A list of escapes that are applied to %s for filenames.
A list of cons cells, car of which is string to be replaced by the cdr. For example, when directories are sent to Isabelle, HOL, and Coq, they appear inside ML strings and the backslash character and quote characters must be escaped. The setting

 
  '(("\\\\" . "\\\\")
    ("\"" . "\\\""))

achieves this. This does not apply to lego, which does not need backslash escapes and does not allow filenames with quote characters.

This setting is used inside the function ‘proof-format-filename’.

Variable: proof-shell-process-connection-type

The value of ‘process-connection-type’ for the proof shell.
Set non-nil for ptys, nil for pipes.

Variable: proof-shell-handle-error-or-interrupt-hook

Run after an error or interrupt has been reported in the response buffer.
Hook functions may inspect ‘proof-shell-last-output-kind’ to determine whether the cause was an error or interrupt. Possible values for this hook include:

 
proof-goto-end-of-locked-on-error-if-pos-not-visible-in-window’
 ‘proof-goto-end-of-locked-if-pos-not-visible-in-window

which move the cursor in the scripting buffer on an error or error/interrupt.

Remark: This hook is called from shell buffer. If you want to do something in scripting buffer, ‘save-excursion’ and/or ‘set-buffer’.

Variable: proof-shell-pre-interrupt-hook

Run immediately after ‘comint-interrupt-subjob’ is called.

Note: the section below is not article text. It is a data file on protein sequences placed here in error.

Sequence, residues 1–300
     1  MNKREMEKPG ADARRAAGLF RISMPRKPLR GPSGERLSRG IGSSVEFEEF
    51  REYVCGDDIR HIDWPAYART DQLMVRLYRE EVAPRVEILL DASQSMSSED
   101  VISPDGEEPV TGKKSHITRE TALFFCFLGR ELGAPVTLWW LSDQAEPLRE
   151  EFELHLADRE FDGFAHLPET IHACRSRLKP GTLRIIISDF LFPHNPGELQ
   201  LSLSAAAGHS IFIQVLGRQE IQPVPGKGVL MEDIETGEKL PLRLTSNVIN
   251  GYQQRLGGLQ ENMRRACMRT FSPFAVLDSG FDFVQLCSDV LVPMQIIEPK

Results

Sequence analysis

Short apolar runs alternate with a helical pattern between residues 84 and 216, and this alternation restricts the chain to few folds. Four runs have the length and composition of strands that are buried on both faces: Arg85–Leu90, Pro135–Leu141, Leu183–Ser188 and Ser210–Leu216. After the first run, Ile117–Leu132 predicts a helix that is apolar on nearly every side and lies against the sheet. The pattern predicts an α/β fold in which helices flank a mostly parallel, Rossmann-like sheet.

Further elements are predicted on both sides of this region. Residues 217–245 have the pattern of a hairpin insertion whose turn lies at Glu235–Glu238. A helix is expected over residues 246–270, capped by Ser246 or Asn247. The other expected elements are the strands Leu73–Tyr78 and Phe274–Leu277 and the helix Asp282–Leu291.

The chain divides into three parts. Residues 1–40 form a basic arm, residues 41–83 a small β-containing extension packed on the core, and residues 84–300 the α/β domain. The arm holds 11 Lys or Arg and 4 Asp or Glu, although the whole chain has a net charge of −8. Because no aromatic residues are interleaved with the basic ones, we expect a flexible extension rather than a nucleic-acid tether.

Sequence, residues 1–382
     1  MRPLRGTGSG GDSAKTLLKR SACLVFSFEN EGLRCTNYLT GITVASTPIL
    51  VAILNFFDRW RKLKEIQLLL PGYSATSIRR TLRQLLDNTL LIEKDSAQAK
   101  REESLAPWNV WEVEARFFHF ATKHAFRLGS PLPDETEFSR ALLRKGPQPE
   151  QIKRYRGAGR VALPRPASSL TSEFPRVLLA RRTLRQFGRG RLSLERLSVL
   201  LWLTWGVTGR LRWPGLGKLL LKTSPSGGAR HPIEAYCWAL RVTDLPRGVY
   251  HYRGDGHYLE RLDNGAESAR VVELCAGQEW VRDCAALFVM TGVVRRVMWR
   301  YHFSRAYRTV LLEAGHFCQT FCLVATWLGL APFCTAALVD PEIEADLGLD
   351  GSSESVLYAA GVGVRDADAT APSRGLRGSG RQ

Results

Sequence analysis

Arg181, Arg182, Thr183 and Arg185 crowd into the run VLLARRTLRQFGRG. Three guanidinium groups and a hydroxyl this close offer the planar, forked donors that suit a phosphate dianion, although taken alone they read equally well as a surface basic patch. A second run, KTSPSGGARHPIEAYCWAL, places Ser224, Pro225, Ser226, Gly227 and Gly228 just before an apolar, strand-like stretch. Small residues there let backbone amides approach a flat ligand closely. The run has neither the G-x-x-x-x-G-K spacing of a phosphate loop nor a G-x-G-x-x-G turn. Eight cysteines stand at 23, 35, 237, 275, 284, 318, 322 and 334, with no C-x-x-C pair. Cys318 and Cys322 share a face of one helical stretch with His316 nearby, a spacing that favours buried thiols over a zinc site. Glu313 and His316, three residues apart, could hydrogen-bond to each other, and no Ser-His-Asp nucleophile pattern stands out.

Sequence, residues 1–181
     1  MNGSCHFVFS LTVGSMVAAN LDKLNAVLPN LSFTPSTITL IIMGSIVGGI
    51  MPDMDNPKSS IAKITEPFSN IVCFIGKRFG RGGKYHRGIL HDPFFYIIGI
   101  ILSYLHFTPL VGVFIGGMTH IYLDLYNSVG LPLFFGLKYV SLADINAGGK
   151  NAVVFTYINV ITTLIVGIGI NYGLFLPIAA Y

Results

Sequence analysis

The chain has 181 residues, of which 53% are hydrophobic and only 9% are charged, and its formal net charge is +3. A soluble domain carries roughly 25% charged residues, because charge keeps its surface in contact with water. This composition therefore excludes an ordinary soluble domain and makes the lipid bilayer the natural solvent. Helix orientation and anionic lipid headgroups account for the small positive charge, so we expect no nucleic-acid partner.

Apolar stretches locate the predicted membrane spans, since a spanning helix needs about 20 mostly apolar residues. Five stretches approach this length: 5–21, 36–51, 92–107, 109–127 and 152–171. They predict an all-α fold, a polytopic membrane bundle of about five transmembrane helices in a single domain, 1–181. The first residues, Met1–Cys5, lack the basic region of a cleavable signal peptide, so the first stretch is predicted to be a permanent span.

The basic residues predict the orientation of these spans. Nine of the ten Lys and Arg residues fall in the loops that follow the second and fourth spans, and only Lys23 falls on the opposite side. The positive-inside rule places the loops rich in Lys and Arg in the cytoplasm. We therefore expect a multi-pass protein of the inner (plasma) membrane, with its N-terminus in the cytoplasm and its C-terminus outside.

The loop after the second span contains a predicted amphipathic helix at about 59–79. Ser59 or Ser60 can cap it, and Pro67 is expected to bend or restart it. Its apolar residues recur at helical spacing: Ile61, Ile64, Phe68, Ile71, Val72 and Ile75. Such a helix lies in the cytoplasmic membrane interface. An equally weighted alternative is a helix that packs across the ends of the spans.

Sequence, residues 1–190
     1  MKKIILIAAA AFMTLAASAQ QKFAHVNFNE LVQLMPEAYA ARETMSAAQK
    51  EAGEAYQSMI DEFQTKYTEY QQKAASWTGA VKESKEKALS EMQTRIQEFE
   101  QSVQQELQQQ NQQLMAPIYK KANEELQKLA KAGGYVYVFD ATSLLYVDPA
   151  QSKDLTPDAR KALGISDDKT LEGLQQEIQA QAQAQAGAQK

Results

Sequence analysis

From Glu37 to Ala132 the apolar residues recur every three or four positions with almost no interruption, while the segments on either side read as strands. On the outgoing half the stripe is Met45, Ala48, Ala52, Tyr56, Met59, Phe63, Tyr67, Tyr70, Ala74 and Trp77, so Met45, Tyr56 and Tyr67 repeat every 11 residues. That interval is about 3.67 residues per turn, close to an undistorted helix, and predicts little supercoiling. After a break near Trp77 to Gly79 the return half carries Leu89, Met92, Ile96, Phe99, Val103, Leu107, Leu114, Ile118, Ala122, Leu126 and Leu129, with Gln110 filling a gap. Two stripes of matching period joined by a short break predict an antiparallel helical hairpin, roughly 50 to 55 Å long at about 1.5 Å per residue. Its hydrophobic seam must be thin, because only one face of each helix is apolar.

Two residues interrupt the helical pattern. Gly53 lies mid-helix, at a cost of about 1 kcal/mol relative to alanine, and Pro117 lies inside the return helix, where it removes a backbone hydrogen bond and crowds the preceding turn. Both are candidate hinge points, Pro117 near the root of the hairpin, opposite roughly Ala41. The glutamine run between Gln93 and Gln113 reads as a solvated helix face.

This hook is added to allow customization for systems that query the user before returning to the top level.

Variable: proof-shell-handle-output-system-specific

Set this variable to handle system specific output.
Errors and interrupts are recognised in the function ‘proof-shell-handle-immediate-output’. Later output is handled by ‘proof-shell-handle-delayed-output’, which displays messages to the user in goals and response buffers.

This hook can run between the two stages to take some effect.

It should be a function which is passed (cmd string) as arguments, where ‘cmd’ is a string containing the currently processed command and ‘string’ is the response from the proof system. If action is taken and goals/response display should be prevented, the function should update the variable ‘proof-shell-last-output-kind’ to some non-nil symbol.

The symbol will be compared against standard ones, see documentation of ‘proof-shell-last-output-kind’. A suggested canonical non-standard symbol is 'systemspecific.


[ << ] [ >> ]           [Top] [Contents] [Index] [ ? ]

This document was generated by David Aspinall on October 11, 2013 using texi2html 1.82.

Click here to go back to the front page.


Web pages by David Aspinall. Please report issues on PG trac.
Last modified 11 October 2013.